6. Jeet, thanks for this. I haven’t read the book myself because the ridiculous title says it all for me and I’ve never been one to read something on the off-chance that I will grow smarter by arguing with something I totally disagree with (although it does give one practice and I stand in awe of your knowledge of the subject). I’m embarrassed to say I saw this creep on Jon Stewart (embarrassed not because I find the show funny but because in the context of the writer’s strike, Stewart and his producers are scabs and I feel complicit for not boycotting the show) and was happy to see him obliterated by the host. I’ve been hearing this “Hitler was a socialist” crap since highschool and the arguments haven’t got anymore sophisticated. If you want to see who the true liberals were in Germany, Italy and Spain during the 1930s and 40s, look in the concentration camps. Goldberg’s book is an aspect of the united front of disinformation of the U.S. Right, a cloud of ideas and noise that represent the Big Lie.

  7. Thanks for this. I take issue with Ledeen’s patriotism/nationalism distinction for various reasons, but that’s a side-issue. His review, at very least, seemed to retain some of the dignity of his earlier scholarship, if only to make clear that he was disclaiming any intellectual paternity.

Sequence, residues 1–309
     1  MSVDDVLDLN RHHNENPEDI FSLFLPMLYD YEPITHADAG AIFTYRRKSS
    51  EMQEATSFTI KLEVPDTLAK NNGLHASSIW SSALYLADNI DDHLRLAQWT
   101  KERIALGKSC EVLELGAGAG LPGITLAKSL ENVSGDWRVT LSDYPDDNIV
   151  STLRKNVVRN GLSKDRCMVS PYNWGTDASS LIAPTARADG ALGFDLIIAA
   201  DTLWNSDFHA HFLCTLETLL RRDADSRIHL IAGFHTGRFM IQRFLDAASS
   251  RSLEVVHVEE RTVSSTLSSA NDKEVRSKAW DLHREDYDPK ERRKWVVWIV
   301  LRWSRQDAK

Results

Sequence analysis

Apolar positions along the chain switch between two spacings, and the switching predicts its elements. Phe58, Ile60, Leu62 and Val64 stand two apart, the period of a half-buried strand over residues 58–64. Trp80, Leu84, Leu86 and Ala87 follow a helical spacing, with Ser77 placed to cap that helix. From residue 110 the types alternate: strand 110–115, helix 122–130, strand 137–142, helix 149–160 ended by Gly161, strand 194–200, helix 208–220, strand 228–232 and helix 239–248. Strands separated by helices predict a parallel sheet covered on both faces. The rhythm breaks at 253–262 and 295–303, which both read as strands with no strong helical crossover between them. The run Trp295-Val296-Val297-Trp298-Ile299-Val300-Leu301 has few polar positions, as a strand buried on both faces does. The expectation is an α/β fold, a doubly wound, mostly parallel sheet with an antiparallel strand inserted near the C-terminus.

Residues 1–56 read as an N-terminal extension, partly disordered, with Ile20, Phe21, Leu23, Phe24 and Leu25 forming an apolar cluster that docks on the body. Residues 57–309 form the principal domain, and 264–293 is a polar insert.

But you can barely mention Jonah Goldberg and Hugh Kenner in the same sentence without the words ‘not’, ‘fit’, ‘lick’ and ‘boots’. The Pound Era is, in my liberal opinion, the best work of literary criticism produced in the 20th century.

  8. I finally got around to reading Lukacs (
    His essay “History and Physics” should be confronted by everyone. Anyway, concerning Goldberg’s book, here’s a very relevant passage from Lukacs (begin with “This only brings us to the problem of our political terminology):,M1

Leave a Reply

Fill in your details below or click an icon to log in: Logo

You are commenting using your account. Log Out /  Change )

Twitter picture

You are commenting using your Twitter account. Log Out /  Change )

Facebook photo

You are commenting using your Facebook account. Log Out /  Change )

Connecting to %s